study | Financial stress hits Quebec less hard

The majority of Quebecers don’t budget for their mortgage, according to a study by IG Wealth Management released Tuesday. They are also less stressed than the rest of Canada about their ability to pay it off in a rising interest rate environment.

Posted at 7:00 am

Isabelle Dube

Isabelle Dube
The press

Mortgage payments are among the largest monthly expenses for Quebecers. However, when it comes time to force yourself to create a budget, the mortgage isn’t one of them. According to the study, only 43% of Quebecers include it in their budget.

“We are all surprised to see this data,” said Carl Thibeault, CPA and senior vice-president for Quebec at IG Wealth Management. “To explain this fact, one of the hypotheses would be that people take taxes and mortgages as obligatory expenses and plan for what isn’t. »

Respondents indicated that their budget included expenses such as groceries (90%), gas (72%), entertainment (54%) and savings (54%).

The change in interest rates, depending on the type of mortgage taken out, fixed or variable interest rate, is still problematic, as this can affect the amount to be paid monthly.

Carl Thibeault, Chartered Accountant

Another hypothesis is the low interest rates that have persisted for a good ten years. Here are the published rates for 5-year conventional closed-end mortgages as listed by Statistics Canada. These are the rates without the discounts given by the lenders.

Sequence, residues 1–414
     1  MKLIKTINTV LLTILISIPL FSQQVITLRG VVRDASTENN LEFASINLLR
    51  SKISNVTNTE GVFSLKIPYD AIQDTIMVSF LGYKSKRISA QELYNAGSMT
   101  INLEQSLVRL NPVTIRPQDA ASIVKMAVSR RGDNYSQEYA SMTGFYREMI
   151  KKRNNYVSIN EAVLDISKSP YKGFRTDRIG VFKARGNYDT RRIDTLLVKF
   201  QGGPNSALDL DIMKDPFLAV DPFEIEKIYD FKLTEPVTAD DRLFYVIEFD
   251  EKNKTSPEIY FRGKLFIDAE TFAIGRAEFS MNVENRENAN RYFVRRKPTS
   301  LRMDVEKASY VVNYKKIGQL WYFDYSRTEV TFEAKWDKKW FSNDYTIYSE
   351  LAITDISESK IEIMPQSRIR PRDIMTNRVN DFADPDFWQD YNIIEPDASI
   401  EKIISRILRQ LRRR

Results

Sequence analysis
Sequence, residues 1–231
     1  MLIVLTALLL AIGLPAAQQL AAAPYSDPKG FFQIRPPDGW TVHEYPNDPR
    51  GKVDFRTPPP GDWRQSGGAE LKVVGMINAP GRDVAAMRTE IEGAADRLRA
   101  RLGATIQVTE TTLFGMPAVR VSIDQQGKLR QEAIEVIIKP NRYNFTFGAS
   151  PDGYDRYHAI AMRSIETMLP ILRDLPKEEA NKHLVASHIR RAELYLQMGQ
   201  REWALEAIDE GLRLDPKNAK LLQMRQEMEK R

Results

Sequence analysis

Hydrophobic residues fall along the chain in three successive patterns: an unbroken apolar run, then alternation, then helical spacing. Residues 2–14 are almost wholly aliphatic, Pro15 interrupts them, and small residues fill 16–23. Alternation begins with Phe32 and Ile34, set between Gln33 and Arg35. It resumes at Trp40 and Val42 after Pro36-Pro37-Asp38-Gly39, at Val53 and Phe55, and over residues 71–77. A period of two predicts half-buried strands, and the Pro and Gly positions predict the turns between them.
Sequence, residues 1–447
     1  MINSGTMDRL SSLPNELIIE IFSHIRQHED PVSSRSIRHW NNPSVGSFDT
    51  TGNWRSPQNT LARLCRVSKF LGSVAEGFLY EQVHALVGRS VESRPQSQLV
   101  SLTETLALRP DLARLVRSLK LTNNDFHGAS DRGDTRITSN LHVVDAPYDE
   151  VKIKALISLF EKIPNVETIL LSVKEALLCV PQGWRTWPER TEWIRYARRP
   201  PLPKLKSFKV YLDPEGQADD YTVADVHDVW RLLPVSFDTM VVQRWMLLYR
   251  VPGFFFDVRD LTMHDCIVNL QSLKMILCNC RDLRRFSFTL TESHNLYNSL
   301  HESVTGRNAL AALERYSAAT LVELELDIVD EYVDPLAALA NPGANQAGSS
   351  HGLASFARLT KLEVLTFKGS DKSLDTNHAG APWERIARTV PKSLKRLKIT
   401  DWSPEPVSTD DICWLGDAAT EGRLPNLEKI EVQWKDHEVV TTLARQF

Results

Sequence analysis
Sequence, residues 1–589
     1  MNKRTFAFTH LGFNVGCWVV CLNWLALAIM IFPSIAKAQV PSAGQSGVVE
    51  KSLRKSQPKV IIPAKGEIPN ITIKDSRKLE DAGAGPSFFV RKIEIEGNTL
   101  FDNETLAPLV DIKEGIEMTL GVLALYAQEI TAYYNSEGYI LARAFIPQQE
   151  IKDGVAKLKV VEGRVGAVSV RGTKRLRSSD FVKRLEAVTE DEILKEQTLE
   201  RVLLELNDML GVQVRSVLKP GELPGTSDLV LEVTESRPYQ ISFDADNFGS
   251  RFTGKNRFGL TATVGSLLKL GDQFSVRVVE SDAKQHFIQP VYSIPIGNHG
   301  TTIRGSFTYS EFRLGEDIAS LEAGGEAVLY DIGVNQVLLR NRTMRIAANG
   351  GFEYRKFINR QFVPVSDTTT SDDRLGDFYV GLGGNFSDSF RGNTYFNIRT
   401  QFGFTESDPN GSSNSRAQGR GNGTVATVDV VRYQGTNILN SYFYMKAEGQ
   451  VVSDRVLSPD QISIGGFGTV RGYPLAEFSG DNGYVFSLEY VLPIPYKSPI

mortgage rates

June 2010: 5.18%

July 2021: 3.20% (lowest observed)

June 2022: 5.05%

“That could have influenced people’s behavior,” says Carl Thibeault. A 25 basis point swing, from 50 basis points, is less significant and we tell ourselves we’ll get there one way or the other. If we vary with larger data, it becomes significant. »

ability to pay

The study also shows that 56% of Canadian mortgagors fear they will not be able to make their mortgage payments if interest rates continue to rise. In Quebec, however, that number drops to 35%. “What might explain this difference is that Quebec is a far cry from Toronto and Vancouver prices,” says Carl Thibeault.

If a $300,000 adjustable rate mortgage goes from 4% to 6%, the owner has to pay $350 more per month.

Yet 45% of respondents in Quebec (60% of Canadians) believe rising interest rates and inflationary pressures will require them to reduce spending. Some are concerned about the coming months: 35% of Quebecers (43% of Canadians) don’t know how to “make ends meet” on a monthly basis.

Only 45% believe they will have paid off their mortgage by the time they retire. “If you’re retired and you continue to pay off a larger mortgage than expected, it can affect the remaining balance for groceries and miscellaneous items,” concludes Carl Thibeault.

This study was conducted online from July 28 to August 8, 2022 among 1590 Canadian adults.

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  • Total Adjustable Rate Mortgages ($477,481 million)
    lower than fixed rate loans ($957,500 million).

    Source: Bank of Canada, June 2022

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